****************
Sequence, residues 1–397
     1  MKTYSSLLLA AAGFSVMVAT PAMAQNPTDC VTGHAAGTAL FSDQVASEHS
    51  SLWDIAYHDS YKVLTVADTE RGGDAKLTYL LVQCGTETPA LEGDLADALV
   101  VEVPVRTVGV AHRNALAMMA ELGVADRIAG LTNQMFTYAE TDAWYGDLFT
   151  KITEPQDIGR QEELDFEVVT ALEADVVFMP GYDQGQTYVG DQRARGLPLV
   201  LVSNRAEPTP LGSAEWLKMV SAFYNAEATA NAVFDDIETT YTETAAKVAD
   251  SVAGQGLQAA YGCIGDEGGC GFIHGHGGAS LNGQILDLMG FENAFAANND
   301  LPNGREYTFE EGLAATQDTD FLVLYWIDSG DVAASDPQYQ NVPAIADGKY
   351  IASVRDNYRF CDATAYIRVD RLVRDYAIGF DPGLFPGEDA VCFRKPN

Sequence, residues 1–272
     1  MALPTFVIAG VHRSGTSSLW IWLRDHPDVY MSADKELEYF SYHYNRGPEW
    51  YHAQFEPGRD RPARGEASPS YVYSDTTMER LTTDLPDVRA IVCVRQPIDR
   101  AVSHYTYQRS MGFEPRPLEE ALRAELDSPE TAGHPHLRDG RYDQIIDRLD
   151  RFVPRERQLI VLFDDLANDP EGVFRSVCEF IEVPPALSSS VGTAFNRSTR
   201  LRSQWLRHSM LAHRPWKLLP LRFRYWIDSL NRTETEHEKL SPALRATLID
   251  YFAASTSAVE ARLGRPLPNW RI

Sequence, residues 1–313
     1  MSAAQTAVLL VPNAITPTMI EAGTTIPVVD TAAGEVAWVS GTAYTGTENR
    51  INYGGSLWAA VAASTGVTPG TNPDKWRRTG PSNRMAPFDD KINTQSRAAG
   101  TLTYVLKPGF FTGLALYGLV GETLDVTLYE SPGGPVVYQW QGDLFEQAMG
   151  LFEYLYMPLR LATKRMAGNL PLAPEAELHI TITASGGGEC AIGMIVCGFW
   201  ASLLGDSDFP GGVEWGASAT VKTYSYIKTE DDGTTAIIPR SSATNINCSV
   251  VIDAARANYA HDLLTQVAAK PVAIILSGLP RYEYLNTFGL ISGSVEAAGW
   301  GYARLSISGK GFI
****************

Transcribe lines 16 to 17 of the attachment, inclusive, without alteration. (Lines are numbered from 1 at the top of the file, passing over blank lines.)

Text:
   251  YFAASTSAVE ARLGRPLPNW RI

Sequence, residues 1–313